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How to Use ANTLR on .NET, Part III

C# Project Settings for ANTLR 3

Now let’s see how to use ANTLR 3 in a C# project by analyzing SharpSnmpLib.AST.csproj in #SNMP,

https://github.com/lextudio/sharpsnmplib/blob/de58f7c050a0976654e7ee4b90a9217e99af6ae3/SharpSnmpLib/SharpSnmpLib.AST.csproj

The above lines (75–79) use ANTLR MSBuild tasks. The PropertyGroup tag sets two paths: the first is the folder that contains AntlrBuildTask.dll; the second is the path for Antlr3.exe. The Import tag tells MSBuild engine that this extra .targets file needs to be loaded.

This C# project contains two ANTLR grammar files,

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<Antlr3 Include="Mib\Smi.g" />
<None Include="Mib\Smi_no_action.g" />

The Antlr3 tag means Smi.g is the grammar file that needs to be converted to C# code by Antlr3.exe. Under DEBUG mode, the converted C# files will locate in obj folder.

The None tag means Smi_no_action.g is not in use. About why it is not in use, I will describe later.

You might notice that this project does add Antlr3 C# runtime as a reference,

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<Reference Include="Antlr3.Runtime, Version=3.4.1.9004, Culture=neutral, PublicKeyToken=eb42632606e9261f, processorArchitecture=MSIL">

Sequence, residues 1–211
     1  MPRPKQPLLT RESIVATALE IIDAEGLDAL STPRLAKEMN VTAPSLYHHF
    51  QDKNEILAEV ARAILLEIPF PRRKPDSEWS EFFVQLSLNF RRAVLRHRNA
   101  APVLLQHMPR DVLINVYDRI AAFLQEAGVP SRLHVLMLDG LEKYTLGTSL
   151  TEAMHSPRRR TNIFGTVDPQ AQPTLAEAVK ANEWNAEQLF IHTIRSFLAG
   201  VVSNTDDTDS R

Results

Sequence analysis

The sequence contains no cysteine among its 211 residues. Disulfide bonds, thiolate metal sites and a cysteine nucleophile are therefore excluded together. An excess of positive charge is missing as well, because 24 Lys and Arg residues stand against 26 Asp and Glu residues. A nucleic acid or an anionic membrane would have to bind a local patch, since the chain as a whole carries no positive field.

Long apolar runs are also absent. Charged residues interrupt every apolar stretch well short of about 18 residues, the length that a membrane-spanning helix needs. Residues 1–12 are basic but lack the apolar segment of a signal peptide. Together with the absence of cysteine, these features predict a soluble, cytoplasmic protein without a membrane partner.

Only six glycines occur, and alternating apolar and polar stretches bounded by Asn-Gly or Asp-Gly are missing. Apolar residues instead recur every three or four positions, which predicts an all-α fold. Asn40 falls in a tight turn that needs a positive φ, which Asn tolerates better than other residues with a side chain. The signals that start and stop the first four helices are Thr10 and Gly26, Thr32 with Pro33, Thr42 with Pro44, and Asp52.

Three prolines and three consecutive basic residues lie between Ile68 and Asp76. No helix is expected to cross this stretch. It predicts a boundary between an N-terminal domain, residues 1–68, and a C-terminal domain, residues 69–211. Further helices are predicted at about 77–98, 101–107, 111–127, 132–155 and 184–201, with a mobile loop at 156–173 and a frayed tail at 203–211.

<SpecificVersion>False</SpecificVersion>
  <HintPath>..\packages\Antlr.Unofficial.3.4.1.0\lib\Antlr3.Runtime.dll</HintPath>
</Reference>

In this project I use the ANTLR 3 NuGet package. If you don’t want to use NuGet, you can simply add lib\ANTLR\Antlr3.Runtime.dll instead.

OK. After analyzing this project I think you know how to add a grammar file to your C# project, and then configure related project level settings properly. In next post I am going to document what you need to pay attention to at code level. #SNMP will still be our example.

Stay tuned.

This post is licensed under CC BY 4.0 by the author.
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